The men stacked
their rifles around the bushes and were forceful about getting into
the pits. They taught me how to direct their digging and the word "hedi-hedi"
(carefully, please) became the bulk of my daily vocabulary. The men
were stone faced about the bodies, but you could tell when a relative
was exposed. . .
American Forensic Anthropologist
Whether or not all of the men and boys taken aside were
carrying weapons when they were captured - it is irrelevant to the legal
assessment of the crime that followed - survivor accounts are uniform
that these men were made to form a line.
lieutenant told them to sit down, and they did so, squatting on their
heels rather than sitting in the dirt. The other villagers, including
those men not singled out, were led away behind the hill near the partly
ruined village schoolhouse. Women and men screamed and cried out for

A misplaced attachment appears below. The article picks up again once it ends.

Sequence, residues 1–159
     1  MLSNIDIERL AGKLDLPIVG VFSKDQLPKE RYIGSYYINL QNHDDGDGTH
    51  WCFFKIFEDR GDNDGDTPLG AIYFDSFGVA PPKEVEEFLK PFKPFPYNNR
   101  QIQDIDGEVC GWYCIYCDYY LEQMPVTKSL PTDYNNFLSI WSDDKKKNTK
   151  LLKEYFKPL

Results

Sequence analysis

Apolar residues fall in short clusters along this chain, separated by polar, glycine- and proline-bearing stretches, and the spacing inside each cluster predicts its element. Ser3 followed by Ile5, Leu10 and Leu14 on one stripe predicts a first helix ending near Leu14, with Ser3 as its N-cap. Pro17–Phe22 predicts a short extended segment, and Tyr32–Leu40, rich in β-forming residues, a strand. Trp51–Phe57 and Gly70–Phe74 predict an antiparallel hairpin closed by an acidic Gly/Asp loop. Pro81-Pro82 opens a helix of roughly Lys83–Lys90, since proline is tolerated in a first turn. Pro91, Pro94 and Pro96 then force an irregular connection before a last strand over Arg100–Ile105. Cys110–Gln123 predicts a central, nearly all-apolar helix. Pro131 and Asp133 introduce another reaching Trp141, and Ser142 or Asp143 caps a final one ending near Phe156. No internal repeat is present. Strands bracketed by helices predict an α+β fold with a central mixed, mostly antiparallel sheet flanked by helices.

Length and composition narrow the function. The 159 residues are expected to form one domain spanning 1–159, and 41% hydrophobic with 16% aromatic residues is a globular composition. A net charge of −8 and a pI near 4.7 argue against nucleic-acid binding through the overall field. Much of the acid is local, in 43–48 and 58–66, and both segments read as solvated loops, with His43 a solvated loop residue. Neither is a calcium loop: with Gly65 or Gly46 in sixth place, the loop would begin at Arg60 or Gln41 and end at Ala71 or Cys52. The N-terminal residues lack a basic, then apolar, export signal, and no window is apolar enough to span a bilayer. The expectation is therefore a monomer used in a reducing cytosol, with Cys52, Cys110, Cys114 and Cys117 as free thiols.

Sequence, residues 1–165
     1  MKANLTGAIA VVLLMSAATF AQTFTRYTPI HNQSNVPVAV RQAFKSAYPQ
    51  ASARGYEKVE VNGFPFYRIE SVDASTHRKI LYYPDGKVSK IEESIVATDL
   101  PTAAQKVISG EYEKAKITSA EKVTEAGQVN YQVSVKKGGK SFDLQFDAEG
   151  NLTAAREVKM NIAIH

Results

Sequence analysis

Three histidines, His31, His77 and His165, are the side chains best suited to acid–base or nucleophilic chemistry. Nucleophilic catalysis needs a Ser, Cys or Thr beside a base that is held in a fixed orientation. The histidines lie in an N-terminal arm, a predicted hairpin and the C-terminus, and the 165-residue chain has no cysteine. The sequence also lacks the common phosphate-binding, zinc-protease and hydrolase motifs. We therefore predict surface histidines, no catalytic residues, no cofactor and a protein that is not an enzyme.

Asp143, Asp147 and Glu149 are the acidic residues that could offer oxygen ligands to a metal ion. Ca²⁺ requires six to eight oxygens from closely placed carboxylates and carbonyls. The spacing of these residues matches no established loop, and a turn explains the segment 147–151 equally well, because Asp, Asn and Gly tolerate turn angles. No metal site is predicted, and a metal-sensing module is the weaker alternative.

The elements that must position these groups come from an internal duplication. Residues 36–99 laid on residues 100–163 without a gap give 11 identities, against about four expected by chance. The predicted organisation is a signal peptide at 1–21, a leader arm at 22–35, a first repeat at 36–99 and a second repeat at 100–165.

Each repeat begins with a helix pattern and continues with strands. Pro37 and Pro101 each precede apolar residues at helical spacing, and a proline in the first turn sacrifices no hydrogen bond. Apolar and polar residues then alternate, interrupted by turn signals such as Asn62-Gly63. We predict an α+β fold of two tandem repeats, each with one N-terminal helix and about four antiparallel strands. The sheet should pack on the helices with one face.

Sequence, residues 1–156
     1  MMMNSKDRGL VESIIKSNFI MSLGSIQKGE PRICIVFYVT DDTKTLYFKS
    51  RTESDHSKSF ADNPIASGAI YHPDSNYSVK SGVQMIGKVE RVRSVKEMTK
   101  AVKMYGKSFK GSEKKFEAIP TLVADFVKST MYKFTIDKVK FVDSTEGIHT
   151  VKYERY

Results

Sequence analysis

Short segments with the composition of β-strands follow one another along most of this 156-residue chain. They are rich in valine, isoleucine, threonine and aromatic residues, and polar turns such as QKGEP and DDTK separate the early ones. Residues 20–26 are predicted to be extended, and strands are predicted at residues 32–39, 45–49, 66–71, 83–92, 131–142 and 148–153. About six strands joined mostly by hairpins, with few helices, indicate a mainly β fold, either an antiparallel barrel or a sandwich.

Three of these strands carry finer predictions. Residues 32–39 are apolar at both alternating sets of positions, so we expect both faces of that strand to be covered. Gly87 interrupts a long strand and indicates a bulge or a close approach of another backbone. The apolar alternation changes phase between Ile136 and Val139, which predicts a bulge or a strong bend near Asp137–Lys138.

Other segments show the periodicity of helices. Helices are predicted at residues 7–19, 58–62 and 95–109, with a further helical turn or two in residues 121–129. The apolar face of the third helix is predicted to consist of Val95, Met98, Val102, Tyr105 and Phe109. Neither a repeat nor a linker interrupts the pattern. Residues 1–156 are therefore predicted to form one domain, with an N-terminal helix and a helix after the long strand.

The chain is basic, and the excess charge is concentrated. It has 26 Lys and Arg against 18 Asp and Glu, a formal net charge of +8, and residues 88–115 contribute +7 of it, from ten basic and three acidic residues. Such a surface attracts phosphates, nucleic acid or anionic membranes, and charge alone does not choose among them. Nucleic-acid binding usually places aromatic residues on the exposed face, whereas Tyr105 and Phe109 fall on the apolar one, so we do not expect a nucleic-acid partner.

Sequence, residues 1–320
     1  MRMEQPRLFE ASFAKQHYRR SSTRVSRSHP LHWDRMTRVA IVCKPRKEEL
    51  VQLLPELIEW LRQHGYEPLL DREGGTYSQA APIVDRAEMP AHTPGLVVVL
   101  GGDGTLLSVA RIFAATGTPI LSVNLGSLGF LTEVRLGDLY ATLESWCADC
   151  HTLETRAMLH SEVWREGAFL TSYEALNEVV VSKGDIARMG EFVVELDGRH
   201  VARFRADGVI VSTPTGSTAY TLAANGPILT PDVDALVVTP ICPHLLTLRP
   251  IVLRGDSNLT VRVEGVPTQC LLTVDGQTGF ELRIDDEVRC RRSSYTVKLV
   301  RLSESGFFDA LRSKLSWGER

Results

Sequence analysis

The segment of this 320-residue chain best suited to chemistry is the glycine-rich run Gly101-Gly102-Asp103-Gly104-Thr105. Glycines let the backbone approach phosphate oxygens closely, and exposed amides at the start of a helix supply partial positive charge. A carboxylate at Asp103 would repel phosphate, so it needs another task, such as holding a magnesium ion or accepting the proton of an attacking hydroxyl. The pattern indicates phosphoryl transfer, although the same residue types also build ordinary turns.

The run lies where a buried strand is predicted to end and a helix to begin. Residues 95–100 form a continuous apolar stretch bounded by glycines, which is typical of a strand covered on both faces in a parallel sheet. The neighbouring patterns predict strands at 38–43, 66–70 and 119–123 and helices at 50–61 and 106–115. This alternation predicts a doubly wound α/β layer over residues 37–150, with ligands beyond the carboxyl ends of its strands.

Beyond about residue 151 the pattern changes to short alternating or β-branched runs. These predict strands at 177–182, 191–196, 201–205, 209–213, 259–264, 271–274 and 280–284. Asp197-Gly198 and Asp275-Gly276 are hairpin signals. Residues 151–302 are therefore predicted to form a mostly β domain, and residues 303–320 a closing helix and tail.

their loved ones as they were taken away and the soldiers an militiamen
tried to quiet them down....
Map of Koreme gravesite,
© 1992 Jim Briscoe
thirty-three detained men, too, wept and pleaded for their lives,
although the soldiers insisted that nothing would happen to them.
One of the lieutenants offered them cigarettes and water; meanwhile,
some twelve to fifteen soldiers had taken up positions facing the
line.... The soldiers opened fire at the line of thirty-three squatting
men from a distance of about 5-10 meters. It was not possible to
determine how long the firing went on or how many rounds were fired....The
forensic team, sweeping the whole execution site, recovered 124
cartridge cases, although these do not establish the total rounds
men were killed immediately by rifle fire. Others were wounded,
and a few were missed altogether. Remarkably, given the volume of
firing, there were six survivors....The soldiers left the execution
site, without burying the bodies or otherwise touching them, according
to survivors who lay among the corpses.
Human Rights Watch, 1993, p. 46-47
Photographs 1992 ©Susan